Additional Reading: Clothing Systems
Additional Reading: Backpacks
“ROUGHING IT EASY”
or Gear is what is referred to as your possessions.
Most campers bring along all sorts of unnecessary gear that lies unused
or occupies valuable space.
The secret of orderly
camp living is to have everything that is needed for health, safety, and
happiness without being surrounded by a collection of unnecessary clutter.
GEAR FOR TRIPS
Camps sometimes rent
or lend pieces of personal equipment to campers and customarily furnish group
equipment such as tents, tools, and group cooking and eating equipment.
A camper’s pack
should be a series of stuff sacks packed within the backpack with the number of
bags depending upon the length of the trip and personal preferences.
A minimum number would be:
The following is a
description of the various kinds of gear needed for camping and trips:
your choice of clothing should be influenced by such factors as the season and
weather expected, length of trip, and type of terrain in which you will travel.
It is important to choose clothing that will help the body perform
efficiently. They are four ways that your body loses heat:
Convection – the
transfer of heat when cool air carries your body’s heat out and away from you.
Radiation – when the
body’s inner heat dissipates out mostly from the head and neck.
Evaporation and Cooling
– when air moves over the moisture on our skin or when our body sweats.
Conduction – the
conveying of heat from the body when it comes into contact with something cold
or wet; example: your back against a wet T-shirt, your hand in an icy stream.
Heat loss through
convection and radiation can be managed by using the Layering
System of clothing, which creates thermal traps to hold warmth in, close to
the body. The layering system has
three primary components:
Vapor Transmission Layer
– breathable garments next to your skin that wicks away moisture.
Underwear made of polypropylene, capilene, thermax, silk or wool have
these qualities. Avoid cotton since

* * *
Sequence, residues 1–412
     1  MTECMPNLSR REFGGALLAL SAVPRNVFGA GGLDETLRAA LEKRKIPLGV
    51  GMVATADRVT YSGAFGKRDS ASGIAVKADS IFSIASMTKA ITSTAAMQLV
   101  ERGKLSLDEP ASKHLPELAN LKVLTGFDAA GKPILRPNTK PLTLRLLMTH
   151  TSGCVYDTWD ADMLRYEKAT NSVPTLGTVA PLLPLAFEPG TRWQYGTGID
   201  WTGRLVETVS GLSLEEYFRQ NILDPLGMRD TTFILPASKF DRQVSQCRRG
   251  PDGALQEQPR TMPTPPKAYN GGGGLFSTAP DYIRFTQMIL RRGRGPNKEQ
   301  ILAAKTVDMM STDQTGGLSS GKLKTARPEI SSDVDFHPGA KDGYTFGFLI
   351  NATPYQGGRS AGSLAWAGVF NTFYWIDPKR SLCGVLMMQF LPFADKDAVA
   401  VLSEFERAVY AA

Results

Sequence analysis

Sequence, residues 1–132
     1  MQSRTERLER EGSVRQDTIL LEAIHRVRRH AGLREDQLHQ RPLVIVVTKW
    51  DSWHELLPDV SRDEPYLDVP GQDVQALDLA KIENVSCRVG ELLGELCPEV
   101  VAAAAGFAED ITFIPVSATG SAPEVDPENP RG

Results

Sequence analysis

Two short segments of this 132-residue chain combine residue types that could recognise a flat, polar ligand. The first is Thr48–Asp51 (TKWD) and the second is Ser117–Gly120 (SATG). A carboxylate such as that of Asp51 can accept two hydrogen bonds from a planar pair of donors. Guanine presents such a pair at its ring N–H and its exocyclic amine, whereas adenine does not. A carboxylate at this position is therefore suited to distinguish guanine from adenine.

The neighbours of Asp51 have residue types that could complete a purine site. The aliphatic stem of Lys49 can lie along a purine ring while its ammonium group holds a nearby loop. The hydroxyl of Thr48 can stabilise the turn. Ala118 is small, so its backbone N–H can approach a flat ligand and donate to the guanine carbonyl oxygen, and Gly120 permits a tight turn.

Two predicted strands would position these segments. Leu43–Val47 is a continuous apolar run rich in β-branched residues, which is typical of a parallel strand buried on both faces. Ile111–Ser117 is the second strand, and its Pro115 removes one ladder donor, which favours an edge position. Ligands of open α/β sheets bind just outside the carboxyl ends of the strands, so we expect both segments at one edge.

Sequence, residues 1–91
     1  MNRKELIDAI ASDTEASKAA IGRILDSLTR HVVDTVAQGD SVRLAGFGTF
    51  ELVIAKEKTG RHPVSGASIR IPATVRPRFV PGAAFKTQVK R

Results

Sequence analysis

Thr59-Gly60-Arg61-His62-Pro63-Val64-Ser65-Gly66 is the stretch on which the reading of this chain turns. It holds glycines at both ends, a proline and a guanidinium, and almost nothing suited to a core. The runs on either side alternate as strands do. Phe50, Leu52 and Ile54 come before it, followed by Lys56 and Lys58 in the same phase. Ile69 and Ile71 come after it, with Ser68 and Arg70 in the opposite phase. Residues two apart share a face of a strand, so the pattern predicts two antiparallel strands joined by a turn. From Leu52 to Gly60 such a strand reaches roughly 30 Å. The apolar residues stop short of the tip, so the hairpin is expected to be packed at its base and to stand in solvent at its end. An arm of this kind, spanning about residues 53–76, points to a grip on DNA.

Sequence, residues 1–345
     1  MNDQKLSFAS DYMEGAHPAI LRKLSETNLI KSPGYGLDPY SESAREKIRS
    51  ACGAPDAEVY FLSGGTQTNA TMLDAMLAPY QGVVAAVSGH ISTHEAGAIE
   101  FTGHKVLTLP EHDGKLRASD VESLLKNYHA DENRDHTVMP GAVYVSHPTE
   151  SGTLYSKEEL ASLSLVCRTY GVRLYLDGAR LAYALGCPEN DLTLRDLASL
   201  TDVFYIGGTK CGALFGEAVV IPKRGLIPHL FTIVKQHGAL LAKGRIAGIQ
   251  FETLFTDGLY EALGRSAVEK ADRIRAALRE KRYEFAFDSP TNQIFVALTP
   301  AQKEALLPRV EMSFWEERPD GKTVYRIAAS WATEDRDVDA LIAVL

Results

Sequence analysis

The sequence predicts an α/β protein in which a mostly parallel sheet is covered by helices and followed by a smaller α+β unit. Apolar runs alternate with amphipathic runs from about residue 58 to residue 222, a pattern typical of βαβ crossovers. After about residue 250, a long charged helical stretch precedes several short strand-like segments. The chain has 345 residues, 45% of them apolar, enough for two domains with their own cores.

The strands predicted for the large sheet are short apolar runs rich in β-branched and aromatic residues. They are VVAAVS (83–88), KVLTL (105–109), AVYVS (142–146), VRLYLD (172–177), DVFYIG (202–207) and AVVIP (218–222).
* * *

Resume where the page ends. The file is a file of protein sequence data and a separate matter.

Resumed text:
it provides no insulation when wet and actually draws heat away from the body.
Insulating Layer –
shirts, sweaters, vests, parkas, synthetic pile garments are all used to hold
the warm air around your body.
Protective Layer – the
outermost layer protects the inner layers from rain, snow and wind.
It is important to use a garment that is breathable such as Gore-Tex or
an open rain poncho to avoid moisture build-up underneath.
shirts and sweaters
– Use a stuff sack for your personal items such as toothbrush, biodegradable
soap, toilet paper, etc. Use
plastic containers and go light.
Miscellaneous Equipment and Other Items
first aid kit
map and compass
cooking and eating gear
incidentals such as a
camera, paper & pen, binoculars, fishing gear, emergency money, fieldbooks.
Packs of almost any
size and description are available to suit your needs.
Waist or Fanny pack –
the smallest of the packs, can hold from 3 to 5 pounds of supplies such as
lunch, water bottle, camera, good for short hikes.
Daypack – uses are
generally limited to day trips or brief excursions away from the main camp.
A larger version is a midsize overnight pack good for a couple of nights
Expedition pack –
intended for carrying loads on extended trips of up to a week or longer and are
designed to carry up to 40 pounds or more. There are two types:
Packs – packs with
built-in frames that distribute the weight more evenly on the back.
A disadvantage of
built-in frame packs is their tendency to hug the back, which does not allow for
air circulation. This can make them
hot and uncomfortable in warm weather.
The advantage of
built-in frame packs is their low center of gravity and the fact that they do
not hinder elbow and arm movements along the sides of the body because of their
narrow design. This makes them very
popular among mountaineers and Nordic skiers.
Packs – packs of this type
are attached to the back of a rigid frame made usually of aluminum tubing or
molded nylon. Usually clevis pins
are extended through holes in the frame to grommets in the bag.
The advantage of a
properly fitted rigid external frame is that it can shift as much as 75 percent
of the pack’s weight from your shoulders to the back, hips and powerful
muscles of the legs.
SELECTING A PACK
There are many models
to choose from on the ever-changing market.
Choose the smallest pack that will carry what you need.
What kinds of trips will
you be taking?
Will you travel mostly on
Will you do technical
What kind of equipment
will you need to carry and how much?
Copyright 2001 Northern Arizona University, ALL RIGHTS RESERVED